While the NBA continues its efforts to cleanse itself of the Tim Donaghy muck that’s sticking like chewed-up wad of gum to brand-new shoe, there’s another basketball entity whose good name has been repeatedly besmirched as of late that has provoked my ire more than the great gambling gaffe.
I speak of poor, underappreciated “Hard-Nosed Defense,” a bedfellow most any NBA team needs to employ to harbor any hopes of prolonged success, yet one that many observers decry as impure, as boring to watch, as indeed a threat to all we hold sacred in the game of professional basketball!
Throughout these NBA playoffs, defense has had its good name dragged through the mud like Mark Borchardt as Mike in the pivotal climax of Coven. It’s an injustice, a gutless crime, and a damn shame.
As the old saying goes, defense wins championships. Go down the list of NBA champions over the past 20 years and you’ll find that most all of them employed solid team-defense tactics fully capable of orchestrating a stop when needed most. Sure, not all of them were infallible units on par with the San Antonio Spurs championship run of the ’00s or these ’08 Boston Celtics, but most of them have hung their hat to some degree on their ability to stop their opponent. That ability, my friends, is a beautiful thing and most certainly not an easy thing to instill in today’s NBA player. And it’s an ability that should be treasured, not reviled.
(Shoot, you could argue that the importance and performance of top-level defense is even more important in the NFL… and I rarely hear anybody complain about how the best NFL defenses are a bore to watch or that they’re ruining the game.)
Watching your favorite team trot onto the court and collectively shoot under 40% doth not necessarily make for an exciting viewing experience; I get that. Paying $100+ for decent seats to a live game, only to see your favorite player struggle to find an open shot and chuck up ill-advised jumpers with a hand (or two) in his face can be frustrating and make for a long, bitter ride home after the game; I feel ya.
Tough shit. Get used to it. Elite defensive teams are alive and well, and when the Boston Celtics win their well-earned 2008 NBA Championship this week it’ll be further proof that just like good pitching beats good hitting in baseball, good defense will usually beat good offense in basketball.
Defense! Defense! Defense! Defense! Defense! after the break…
Aside from alley-oop dunks or buzzer-beating prayers, there’s nothing more exciting in an NBA game than a bruising defender perfectly timing a flimsy field-goal attempt and spiking it like a volleyball into the face of some yuppie sipping on a pina colada at their courtside seat. It’s even better when the block comes from a helpside defender.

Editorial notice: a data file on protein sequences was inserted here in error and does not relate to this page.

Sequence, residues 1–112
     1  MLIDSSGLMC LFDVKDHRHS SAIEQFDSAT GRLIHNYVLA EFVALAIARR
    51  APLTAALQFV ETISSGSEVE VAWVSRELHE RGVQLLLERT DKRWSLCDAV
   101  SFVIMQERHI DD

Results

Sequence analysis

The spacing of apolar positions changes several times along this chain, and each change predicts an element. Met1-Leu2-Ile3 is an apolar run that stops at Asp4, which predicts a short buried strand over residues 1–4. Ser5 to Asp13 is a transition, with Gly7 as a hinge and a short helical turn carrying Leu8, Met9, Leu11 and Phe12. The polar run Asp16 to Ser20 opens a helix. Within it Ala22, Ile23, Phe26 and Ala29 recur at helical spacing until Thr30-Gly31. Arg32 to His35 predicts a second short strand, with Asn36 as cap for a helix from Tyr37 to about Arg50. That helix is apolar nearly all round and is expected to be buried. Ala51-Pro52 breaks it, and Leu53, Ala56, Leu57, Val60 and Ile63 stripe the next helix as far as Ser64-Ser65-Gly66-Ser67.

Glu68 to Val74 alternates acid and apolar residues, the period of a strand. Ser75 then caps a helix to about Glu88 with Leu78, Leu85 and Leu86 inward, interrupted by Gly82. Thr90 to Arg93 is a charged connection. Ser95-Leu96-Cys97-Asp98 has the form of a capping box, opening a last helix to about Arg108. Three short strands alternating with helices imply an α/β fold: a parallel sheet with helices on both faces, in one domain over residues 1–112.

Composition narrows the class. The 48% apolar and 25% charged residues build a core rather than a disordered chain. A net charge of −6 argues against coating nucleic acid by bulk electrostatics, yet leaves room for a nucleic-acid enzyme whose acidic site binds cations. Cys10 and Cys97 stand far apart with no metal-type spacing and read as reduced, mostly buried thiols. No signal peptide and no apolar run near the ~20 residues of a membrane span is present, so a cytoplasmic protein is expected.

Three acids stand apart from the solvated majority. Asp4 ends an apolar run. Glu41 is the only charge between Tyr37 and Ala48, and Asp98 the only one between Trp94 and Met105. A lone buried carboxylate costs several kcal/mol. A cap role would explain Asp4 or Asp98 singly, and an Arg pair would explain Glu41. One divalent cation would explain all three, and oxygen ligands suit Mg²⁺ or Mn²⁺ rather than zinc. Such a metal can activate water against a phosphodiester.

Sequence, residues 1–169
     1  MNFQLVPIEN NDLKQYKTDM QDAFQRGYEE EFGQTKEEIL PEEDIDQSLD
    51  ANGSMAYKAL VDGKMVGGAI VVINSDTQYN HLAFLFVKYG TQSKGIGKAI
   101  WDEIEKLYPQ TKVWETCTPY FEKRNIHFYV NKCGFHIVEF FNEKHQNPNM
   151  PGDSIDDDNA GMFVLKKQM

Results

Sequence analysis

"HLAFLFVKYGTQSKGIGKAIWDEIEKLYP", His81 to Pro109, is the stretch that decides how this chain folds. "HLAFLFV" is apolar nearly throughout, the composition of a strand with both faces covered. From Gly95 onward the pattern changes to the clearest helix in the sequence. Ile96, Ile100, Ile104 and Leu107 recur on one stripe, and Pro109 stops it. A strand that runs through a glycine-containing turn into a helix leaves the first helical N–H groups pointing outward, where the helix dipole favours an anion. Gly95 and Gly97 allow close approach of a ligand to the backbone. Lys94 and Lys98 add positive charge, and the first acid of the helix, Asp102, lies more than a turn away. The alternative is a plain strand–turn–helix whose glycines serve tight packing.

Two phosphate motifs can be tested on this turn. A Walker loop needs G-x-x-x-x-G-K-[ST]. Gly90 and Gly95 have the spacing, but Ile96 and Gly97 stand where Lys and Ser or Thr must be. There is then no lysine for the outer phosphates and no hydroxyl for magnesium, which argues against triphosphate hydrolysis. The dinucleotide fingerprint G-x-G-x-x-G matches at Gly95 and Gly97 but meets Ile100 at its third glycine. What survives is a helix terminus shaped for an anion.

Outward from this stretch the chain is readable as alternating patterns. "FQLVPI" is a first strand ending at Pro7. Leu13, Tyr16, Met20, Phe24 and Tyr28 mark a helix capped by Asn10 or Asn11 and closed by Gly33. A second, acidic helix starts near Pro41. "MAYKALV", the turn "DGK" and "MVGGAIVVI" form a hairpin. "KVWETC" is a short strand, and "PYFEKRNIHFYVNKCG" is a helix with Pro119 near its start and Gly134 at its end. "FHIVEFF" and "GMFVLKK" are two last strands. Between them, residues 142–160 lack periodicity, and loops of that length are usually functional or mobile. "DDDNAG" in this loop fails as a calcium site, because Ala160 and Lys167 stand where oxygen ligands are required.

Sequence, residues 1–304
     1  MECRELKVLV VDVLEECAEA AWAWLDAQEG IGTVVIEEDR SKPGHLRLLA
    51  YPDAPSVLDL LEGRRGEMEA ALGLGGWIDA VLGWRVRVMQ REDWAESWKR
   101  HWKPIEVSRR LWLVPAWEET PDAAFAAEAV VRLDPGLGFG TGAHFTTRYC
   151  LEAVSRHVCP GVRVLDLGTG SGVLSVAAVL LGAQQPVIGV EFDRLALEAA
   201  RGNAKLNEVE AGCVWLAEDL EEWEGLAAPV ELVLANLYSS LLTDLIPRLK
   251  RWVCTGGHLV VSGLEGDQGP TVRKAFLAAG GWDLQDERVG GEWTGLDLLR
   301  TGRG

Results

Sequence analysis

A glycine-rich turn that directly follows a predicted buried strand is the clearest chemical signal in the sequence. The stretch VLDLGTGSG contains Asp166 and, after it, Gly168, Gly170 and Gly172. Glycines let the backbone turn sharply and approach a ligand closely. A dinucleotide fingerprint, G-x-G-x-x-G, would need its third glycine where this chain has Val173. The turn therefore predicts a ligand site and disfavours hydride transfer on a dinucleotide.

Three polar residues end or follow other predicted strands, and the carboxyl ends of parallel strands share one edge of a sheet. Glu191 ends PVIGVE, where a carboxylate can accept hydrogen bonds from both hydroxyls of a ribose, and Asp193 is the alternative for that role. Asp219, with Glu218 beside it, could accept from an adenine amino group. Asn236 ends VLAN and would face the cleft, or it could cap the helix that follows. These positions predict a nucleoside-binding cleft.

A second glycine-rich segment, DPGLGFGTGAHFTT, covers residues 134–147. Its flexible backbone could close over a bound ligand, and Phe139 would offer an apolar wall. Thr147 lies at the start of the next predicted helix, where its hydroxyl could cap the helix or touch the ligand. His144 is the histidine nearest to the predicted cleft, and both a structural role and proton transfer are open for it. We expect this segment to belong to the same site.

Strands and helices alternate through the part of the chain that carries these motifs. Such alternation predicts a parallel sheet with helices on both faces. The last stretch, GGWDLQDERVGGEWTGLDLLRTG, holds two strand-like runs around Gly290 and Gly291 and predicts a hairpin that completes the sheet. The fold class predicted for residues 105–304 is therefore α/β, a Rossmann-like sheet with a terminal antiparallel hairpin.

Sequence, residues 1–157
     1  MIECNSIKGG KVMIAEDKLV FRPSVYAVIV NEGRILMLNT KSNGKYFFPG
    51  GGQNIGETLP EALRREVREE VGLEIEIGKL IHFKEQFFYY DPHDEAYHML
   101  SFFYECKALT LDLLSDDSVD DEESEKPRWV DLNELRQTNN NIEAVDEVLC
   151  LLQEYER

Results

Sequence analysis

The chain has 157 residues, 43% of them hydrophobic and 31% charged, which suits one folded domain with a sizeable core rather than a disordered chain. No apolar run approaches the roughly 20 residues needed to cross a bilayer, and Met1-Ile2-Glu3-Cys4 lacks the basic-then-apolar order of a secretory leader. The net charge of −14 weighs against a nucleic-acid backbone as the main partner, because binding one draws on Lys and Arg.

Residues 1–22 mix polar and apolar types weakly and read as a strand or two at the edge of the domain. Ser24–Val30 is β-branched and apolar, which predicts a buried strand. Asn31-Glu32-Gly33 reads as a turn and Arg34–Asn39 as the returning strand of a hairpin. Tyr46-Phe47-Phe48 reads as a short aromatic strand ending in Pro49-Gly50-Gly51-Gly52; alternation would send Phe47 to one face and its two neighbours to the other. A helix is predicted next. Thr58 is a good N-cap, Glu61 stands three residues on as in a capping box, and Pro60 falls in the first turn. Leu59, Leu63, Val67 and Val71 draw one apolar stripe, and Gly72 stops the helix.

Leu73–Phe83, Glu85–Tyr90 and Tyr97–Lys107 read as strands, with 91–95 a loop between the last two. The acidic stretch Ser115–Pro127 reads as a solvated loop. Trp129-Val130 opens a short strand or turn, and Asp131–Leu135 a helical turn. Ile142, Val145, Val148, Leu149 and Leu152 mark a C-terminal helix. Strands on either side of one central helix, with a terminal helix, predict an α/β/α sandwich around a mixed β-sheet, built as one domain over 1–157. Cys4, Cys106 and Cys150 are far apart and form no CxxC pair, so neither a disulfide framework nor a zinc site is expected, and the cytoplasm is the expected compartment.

And speaking of helpside defenders, there’s something strangly alluring about five athletes functioning as one solid, cohesive unit like tentacles stretching out from the same torso. About pressuring the ball from baseline to baseline, getting hands in faces, about causing turnovers and turning it around back down the floor for a high-flying dunk or otherwise theatric fastbreak opportunity.
When Hubie Brown dissects such displays in slow motion on TNT and emphasizes the many working defensive parts that helped lead to an easy offensive bucket, the man takes on the personality of an orchestra conductor. Indeed, stellar team defense can be almost symphonic in its rarified, perfected glory.
Look, West Coast Basketball is there for a reason: to watch thoroughbreds run up and down the floor with little to no resistance in their pursuit of racking up 125+ points for their team. And there’s a very good reason why that brand of basketball virtually disappears by the time the calendar annually flips over to May.
Brandon Roy and Houston Rockets Photo Credit: Icon SMI
I enjoy watching the Golden State Warriors and Denver Nuggets of the league as much as anybody else. Just like I appreciate good, solid defensive basketball I also have respect for prolific offense. It’s not one or the other with me… and it shouldn’t be with you, either.
David Stern and his
Keystone cops gaggle of referees have done their best to emphasize offense first and defense never over the years, but the fact remains that the ability to manufacture stops–repeatedly–and make made baskets hard to come by is tantamount to winning games and especially winning a championship. It is how it has been and it is how it shall be. No matter what.
Tonight when Boston and Los Angeles take the floor for Game 6, don’t begrudge the Celtics for making life difficult on Kobe Bean Bryant and his supporting cast. Next season, don’t turn the channel and look away in disgust when the Detroit Pistons or San Antonio Spurs or Cleveland Cavaliers are grinding it out with a like-minded adversary.
And most of all, don’t be “that NBA fan” who complains that there’s not enough scoring and that games that find both teams finishing in the mid-80s is always, without question, “ugly”…even though sometimes it can be. (Okay, you have ETB’s full approval to always tune out the Spurs as long as Popovich, Duncan, Parker, and Ginobili are in the fold.)
There’s beauty to be found in hard-nosed, hardcore NBA defense. And unless you’re going to tune out the world’s most entertaining professional sport altogether–which as you may have guessed is not something we recommend here at Empty the Bench–you might as well hunker down and learn to appreciate that beauty because it’s not going anywhere.